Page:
Irish Pancakes with Sugar and Lemon

pancake photo

Contributor’s Note: Irish pancakes are more similar to crepes than American style pancakes, so this batter will be much thinner in consistency.


  • ½ cup (110 grams) plain flour
  • pinch (about 1/8 teaspoon) of salt*
  • 2 large eggs
  • ¾ cup (200 milliliters) milk mixed
  • 1/3 cup (75 milliliters) plain water
  • 4 tablespoons (50 grams) unsalted butter*
  • caster sugar, lemon juice


Contributor’s Note: If you’re using salted butter, you can omit the salt in this recipe.

Into a large bowl, sift the flour and salt* into a large mixing bowl with the sieve to get the lumps out.

Make a well in the centre of the flour and break the eggs into it. Using a whisk, mix well. Use a rubber spatula to be sure you get the flour on the edges of the bowl.

In a small bowl, mix the milk and water together, then gradually add this to the flour and egg mixture as you continue whisking. Again, use a rubber spatula to get the bits on the side of the bowl, whisking them into the batter.

Set the batter side while you prepare too cook the pancakes.

Contributor’s Note: Special crepe or Irish pancake pans are available but for most users, a traditional medium size nonstick skillet is perfect.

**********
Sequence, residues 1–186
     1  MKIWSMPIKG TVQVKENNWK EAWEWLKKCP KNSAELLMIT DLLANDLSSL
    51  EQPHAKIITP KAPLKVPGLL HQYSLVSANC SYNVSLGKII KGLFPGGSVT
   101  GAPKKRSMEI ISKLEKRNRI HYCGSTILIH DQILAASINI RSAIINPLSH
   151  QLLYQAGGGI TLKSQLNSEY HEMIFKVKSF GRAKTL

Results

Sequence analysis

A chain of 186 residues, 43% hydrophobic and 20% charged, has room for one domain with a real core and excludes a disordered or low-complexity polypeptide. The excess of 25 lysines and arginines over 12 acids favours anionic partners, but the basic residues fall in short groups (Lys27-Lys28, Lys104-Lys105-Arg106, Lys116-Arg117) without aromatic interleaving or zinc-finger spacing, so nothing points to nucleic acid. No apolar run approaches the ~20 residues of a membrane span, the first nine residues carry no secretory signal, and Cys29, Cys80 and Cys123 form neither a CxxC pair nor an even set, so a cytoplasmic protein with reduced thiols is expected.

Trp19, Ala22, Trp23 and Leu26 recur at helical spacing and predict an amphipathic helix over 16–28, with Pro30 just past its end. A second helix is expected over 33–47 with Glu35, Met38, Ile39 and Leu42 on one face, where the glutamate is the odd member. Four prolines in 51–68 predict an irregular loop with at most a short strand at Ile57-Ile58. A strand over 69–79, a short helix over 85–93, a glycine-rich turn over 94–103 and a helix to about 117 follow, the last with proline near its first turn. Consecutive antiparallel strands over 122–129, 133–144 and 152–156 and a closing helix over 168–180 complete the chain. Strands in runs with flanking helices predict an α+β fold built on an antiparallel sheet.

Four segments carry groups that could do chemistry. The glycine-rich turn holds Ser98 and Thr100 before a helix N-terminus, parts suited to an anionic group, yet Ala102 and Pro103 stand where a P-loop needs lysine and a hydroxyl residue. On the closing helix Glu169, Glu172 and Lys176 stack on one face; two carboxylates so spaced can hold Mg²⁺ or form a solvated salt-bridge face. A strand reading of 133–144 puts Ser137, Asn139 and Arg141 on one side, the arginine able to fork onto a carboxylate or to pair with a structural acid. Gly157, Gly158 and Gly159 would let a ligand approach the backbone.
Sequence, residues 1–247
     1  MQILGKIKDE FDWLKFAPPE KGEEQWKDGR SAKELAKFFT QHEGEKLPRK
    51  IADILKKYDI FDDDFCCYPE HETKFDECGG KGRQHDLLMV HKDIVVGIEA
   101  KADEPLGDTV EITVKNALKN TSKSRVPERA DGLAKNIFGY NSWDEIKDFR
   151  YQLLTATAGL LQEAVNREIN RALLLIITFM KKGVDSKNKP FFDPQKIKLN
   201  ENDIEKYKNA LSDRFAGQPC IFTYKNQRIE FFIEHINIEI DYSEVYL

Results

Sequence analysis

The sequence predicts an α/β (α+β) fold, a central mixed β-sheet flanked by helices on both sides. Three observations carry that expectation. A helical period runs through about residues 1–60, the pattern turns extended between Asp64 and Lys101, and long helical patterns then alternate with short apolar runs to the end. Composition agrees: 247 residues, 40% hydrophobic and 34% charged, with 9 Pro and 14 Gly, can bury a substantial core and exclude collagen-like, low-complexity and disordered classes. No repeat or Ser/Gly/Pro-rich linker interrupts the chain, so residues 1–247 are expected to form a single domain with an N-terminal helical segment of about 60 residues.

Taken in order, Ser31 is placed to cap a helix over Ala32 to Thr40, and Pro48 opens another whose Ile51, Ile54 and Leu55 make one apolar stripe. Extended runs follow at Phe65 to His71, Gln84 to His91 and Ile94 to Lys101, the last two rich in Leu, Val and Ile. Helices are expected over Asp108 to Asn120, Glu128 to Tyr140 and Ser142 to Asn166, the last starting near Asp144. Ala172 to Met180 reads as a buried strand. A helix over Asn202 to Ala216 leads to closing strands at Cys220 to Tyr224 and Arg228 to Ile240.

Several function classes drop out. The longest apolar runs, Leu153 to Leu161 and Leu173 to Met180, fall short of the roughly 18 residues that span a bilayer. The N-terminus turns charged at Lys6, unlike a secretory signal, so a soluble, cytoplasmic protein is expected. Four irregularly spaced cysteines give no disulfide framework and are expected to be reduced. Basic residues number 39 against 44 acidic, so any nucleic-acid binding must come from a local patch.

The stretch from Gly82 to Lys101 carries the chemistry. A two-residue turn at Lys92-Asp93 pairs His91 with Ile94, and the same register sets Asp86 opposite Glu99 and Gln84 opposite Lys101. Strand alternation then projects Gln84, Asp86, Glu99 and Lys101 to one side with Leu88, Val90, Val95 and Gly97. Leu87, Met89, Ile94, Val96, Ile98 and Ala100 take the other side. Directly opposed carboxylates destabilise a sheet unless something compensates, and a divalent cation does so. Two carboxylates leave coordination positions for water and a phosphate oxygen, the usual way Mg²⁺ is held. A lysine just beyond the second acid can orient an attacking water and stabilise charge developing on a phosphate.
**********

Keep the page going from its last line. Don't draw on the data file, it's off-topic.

Place a medium size pot on the stove and fill about 1/3 with water and bring to a simmer. Place a serving plate on top of the pot to use as a warming plate for your finished pancakes.

Preheat your skillet on high and quickly melt the butter in it. Turn the skillet down to medium heat.

Take 2 tablespoons of the melted butter and put into your batter and quickly whisk in.

Put the remaining butter into a small dish and set aside and use when needed to lubricate the pan, using a paper towel to spread the butter on the skillet.

Before beginning to prepare the pancakes for serving, do a test pancake. Using 1/3 cup measuring cup, pour some batter into the skillet. As soon as the batter hits the skillet, lift it from the heat and tilt it around to spread the batter in a circular shape. Let it cook for a minute or two. Use the edge of a thin spatula or a butter knife to see if the bottom has begun to brown. If so, carefully flip the pancake and let it continue cooking until browned. This should take less than half a minute if the skillet is at the proper temperature.

Remove the pancake to your warming plate. Repeat the above until all of your batter has been used and you have a stack of pancakes on the warming plate. If needed, use some of the reserved melted butter to lubricate the skillet between pancakes.

Contributor’s Note: If you have greaseproof paper, you can use a sheet between each pancake to keep them dry.

To serve, sprinkle each pancake with fresh squeezed lemon juice and a little caster sugar. Roll or fold into quarters and serve with a side of extra lemon juice and sugar on the side.

Alternatively, omit the lemon and sugar and use your favorite flavors: butter and maple syrup, Nutella, fresh preserves, fresh slices soft fruits, etc.